The Way You Look Tonight

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"The Way You Look Tonight"
Published1936 by Chappell & Co.
"The Way You Look Tonight"
The Way You Look Tonight.JPG
Single by The Lettermen
from the album A Song for Young Love
B-side"That's My Desire"
ReleasedJune 13, 1961
Format7" single
StudioCapitol Studios, Hollywood, California
GenrePop, jazz
The Lettermen singles chronology
"The Way You Look Tonight"
"When I Fall in Love"

"The Way You Look Tonight" is a song from the film Swing Time that was performed by Fred Astaire and composed by Jerome Kern with lyrics written by Dorothy Fields. It won the Academy Award for Best Original Song in 1936.[1][2] Fields remarked, "The first time Jerry played that melody for me I went out and started to cry. The release absolutely killed me. I couldn't stop, it was so beautiful."[3]

In the movie, Astaire sang "The Way You Look Tonight" to Ginger Rogers while she was washing her hair in an adjacent room.[1] His recording reached the top of the charts in 1936. Other versions that year were by Guy Lombardo and by Teddy Wilson with Billie Holiday.[4]

Cover versions[edit]

To take advantage of the success of the song, pianist Teddy Wilson brought Billie Holiday into a studio ten weeks after the movie was released. Holiday was twenty-one when she recorded "The Way You Look Tonight" as a duet with Wilson in October 1936. Six years passed before the song appeared on the charts again, this time in a version by Benny Goodman with Peggy Lee on vocals and Mel Powell on celeste. The most popular and imitated version was recorded by Frank Sinatra with the Nelson Riddle orchestra in 1964. Versions were also recorded by Clifford Brown, Tina Brooks, Johnny Griffin (with John Coltrane), and Charlie Parker, and Tony Bennett.[2]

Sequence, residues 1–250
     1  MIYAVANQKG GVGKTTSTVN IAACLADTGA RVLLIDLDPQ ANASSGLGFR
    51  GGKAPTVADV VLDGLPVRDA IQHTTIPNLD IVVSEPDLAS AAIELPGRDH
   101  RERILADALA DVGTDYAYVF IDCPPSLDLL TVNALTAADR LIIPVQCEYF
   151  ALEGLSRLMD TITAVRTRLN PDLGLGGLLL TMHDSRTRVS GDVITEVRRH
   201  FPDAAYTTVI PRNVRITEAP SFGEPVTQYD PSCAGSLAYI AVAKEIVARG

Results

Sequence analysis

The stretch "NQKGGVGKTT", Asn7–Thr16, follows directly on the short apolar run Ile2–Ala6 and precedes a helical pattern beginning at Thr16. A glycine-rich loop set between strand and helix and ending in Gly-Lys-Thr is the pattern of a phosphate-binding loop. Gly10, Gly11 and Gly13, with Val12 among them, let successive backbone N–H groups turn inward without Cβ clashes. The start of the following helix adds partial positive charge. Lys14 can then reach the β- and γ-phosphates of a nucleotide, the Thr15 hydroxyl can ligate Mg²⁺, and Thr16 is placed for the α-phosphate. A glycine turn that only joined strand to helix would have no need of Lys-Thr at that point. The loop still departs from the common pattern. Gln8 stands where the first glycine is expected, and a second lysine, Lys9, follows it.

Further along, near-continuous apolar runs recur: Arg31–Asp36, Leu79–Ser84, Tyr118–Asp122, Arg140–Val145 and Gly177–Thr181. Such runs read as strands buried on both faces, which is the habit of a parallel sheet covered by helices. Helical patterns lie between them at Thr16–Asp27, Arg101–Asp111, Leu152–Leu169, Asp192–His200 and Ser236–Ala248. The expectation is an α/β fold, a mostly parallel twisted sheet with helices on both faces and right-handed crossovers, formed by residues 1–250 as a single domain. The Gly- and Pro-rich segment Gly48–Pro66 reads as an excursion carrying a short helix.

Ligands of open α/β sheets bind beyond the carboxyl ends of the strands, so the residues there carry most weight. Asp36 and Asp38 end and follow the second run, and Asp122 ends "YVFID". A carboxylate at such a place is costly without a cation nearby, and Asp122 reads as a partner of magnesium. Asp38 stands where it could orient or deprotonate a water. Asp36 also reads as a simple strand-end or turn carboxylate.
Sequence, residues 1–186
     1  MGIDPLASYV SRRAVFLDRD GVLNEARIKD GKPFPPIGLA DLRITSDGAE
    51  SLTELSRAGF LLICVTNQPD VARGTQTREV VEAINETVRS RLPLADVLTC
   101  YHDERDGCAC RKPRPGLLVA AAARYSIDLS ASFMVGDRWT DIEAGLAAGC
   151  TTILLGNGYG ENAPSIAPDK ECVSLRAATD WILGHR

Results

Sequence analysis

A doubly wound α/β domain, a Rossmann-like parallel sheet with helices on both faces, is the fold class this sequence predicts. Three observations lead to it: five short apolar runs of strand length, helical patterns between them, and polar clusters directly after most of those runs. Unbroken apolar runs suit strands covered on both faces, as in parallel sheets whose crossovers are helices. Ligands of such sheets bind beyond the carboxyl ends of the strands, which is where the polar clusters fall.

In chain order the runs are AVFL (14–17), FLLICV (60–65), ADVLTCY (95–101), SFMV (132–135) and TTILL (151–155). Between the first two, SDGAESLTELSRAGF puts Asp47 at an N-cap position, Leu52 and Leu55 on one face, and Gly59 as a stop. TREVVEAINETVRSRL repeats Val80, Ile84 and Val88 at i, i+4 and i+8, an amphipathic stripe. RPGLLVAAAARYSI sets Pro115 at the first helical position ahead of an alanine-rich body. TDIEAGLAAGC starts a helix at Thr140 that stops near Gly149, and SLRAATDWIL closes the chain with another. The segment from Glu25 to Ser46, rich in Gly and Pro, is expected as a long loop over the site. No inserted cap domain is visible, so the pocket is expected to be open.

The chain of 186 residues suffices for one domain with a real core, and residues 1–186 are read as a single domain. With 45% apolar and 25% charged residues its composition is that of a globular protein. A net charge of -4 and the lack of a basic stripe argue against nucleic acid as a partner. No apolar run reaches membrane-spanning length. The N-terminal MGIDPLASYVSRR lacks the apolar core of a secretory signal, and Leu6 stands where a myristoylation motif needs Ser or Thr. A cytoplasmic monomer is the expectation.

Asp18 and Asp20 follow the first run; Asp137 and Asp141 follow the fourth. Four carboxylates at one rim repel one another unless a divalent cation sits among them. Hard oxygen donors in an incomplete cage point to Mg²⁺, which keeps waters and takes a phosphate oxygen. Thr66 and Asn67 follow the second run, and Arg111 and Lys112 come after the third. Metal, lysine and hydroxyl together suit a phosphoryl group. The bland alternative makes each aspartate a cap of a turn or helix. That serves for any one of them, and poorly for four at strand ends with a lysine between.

Bing Crosby and his wife Dixie Lee recorded it as a duet on August 19, 1936.[5] The Lettermen found their first hit when their version reached No. 13 on the Billboard magazine Hot 100 singles chart in 1961 and No. 36 on the UK Singles Chart that same year.[1] Sonny Rollins and Thelonious Monk recorded it in 1954. Rod Stewart included it on the album Great American Songbook in 2002.[2] Cassandra Wilson included the song in her 2015 album Coming Forth by Day.[6]


Chart (1961) Peak
UK Singles (The Official Charts Company) 36
US Billboard Hot 100 13
US Billboard Easy Listening 3

See also[edit]


  1. ^ a b c Roberts, David (2006). British Hit Singles & Albums (19 ed.). London: Guinness World Records. p. 134. ISBN 1-904994-10-5.
  2. ^ a b c Gioia, Ted (2012). The Jazz Standards: A Guide to the Repertoire. New York City: Oxford University Press. p. 449–451. ISBN 978-0-19-993739-4.
  3. ^ Wilk, Max (1997). They're Playing Our Song: Conversations with America's Classic Songwriters (1st Da Capo Press ed.). Da Capo Press. p. 56. ISBN 0-306-80746-7.
  4. ^ Whitburn, Joel (1986). Joel Whitburn's Pop Memories, 1890–1954. Wisconsin: Record Research. p. 604. ISBN 0-89820-083-0.
  5. ^ "A Bing Crosby Discography". BING magazine. International Club Crosby. Retrieved July 31, 2017.
  6. ^ "Coming Forth by Day". Allmusic. Retrieved 15 January 2019.

External links[edit]